A 55-year-old female with no reported comorbid conditions has been admitted unexpectedly to your tertiary intensive care unit from the operating theatre. She had an uneventful general anaesthetic for a total hip replacement.
Forty-five minutes later, she was found unrousable by the attending nurse. An arterial blood gas showed the following:
Normal Adult Range
7.35 – 7.45
110 mmHg (14.5 kPa)
35 – 45 (4.6 – 6.0)
100 mmHg (13.1 kPa) (15 L/min oxygen via non-rebreather mask)
-2 – +2
She was urgently reintubated and transferred to your ICU. She is hemodynamically stable.
Give the most likely differential diagnoses.
This is taken from the chapter on hypercapnoea
|Decreased minute ventilation||
Central nervous system
Metabolic, endocrine and environmental
|Increased dead space||
Increased anatomical dead space
Increased alveolar dead space (i.e. ventilated but not perfused)
|Increased CO2 production||
Increased metabolic rate
How will you assess the patient?
- Short fat neck of OSA
- Cushingoid appearance (OSA, but also suspicious of long term steroids for some sort of autoimmune condition, or COPD)
- Wasting and cachexia of severe CCF, end-stage COPD or cancer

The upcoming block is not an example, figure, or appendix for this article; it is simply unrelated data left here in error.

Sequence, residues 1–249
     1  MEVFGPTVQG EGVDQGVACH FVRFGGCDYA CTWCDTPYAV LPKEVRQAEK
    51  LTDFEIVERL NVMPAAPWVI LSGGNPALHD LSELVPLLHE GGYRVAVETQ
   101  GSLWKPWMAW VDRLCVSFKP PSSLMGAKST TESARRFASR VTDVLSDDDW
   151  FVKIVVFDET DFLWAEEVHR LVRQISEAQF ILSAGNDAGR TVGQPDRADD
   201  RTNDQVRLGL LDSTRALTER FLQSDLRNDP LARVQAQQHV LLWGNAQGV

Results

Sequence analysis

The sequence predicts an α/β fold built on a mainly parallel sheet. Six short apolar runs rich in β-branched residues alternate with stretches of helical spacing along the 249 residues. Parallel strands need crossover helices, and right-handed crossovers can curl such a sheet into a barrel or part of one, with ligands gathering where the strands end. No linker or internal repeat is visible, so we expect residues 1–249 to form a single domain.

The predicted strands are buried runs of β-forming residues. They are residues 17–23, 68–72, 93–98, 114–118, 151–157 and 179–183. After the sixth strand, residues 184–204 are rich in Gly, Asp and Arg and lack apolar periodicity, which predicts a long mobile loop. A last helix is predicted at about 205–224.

- Abnormal breathig pattern (eg. the abdominal breathing of a C-spine quad)
Start with the hands.
- Clubbing (suggestive of chronicity)
- Unilateral small muscle wasting (lung mass invading brachial plexus)
- Pulse (collapsing pulse of AR?)
Axillae and neck
- Lymph nodes
- JVP (cardiac causes of ventilation failure)
- Dissection scars from lymph node clearance; radiotherapy tattoos
Face and cranial nerves
- Plethoric "mitral facies"
- Droop, cranial nerve signs of stroke
- Horner's syndrome (malignancy or stroke)
- Temporalis wasting (malnutrition)
- Abnormal chest wall movement (eg. flail segment or unilateral phrenic nerve paralysis)
- Subcutaneous emphysema on palpation, suggestive of pneumothorax
- Percussion findings (eg. dullness of an effusion)
- Auscultation findings of wheeze or creps (spasm or APO)